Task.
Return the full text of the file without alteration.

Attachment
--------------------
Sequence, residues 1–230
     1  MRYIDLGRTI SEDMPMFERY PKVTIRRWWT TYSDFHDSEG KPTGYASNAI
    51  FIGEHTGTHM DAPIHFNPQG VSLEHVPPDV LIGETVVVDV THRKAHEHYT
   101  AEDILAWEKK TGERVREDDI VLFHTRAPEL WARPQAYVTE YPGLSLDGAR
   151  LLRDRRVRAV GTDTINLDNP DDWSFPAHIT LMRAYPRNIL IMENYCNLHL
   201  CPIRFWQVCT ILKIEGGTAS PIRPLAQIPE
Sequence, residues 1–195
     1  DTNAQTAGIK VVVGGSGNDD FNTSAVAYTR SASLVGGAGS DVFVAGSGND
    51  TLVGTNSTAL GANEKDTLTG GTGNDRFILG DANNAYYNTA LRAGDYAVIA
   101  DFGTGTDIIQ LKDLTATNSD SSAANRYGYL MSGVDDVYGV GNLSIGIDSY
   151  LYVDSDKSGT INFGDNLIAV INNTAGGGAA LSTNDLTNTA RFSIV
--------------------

Sequence, residues 1–230
     1  MRYIDLGRTI SEDMPMFERY PKVTIRRWWT TYSDFHDSEG KPTGYASNAI
    51  FIGEHTGTHM DAPIHFNPQG VSLEHVPPDV LIGETVVVDV THRKAHEHYT
   101  AEDILAWEKK TGERVREDDI VLFHTRAPEL WARPQAYVTE YPGLSLDGAR
   151  LLRDRRVRAV GTDTINLDNP DDWSFPAHIT LMRAYPRNIL IMENYCNLHL
   201  CPIRFWQVCT ILKIEGGTAS PIRPLAQIPE
Sequence, residues 1–195
     1  DTNAQTAGIK VVVGGSGNDD FNTSAVAYTR SASLVGGAGS DVFVAGSGND
    51  TLVGTNSTAL GANEKDTLTG GTGNDRFILG DANNAYYNTA LRAGDYAVIA
   101  DFGTGTDIIQ LKDLTATNSD SSAANRYGYL MSGVDDVYGV GNLSIGIDSY
   151  LYVDSDKSGT INFGDNLIAV INNTAGGGAA LSTNDLTNTA RFSIV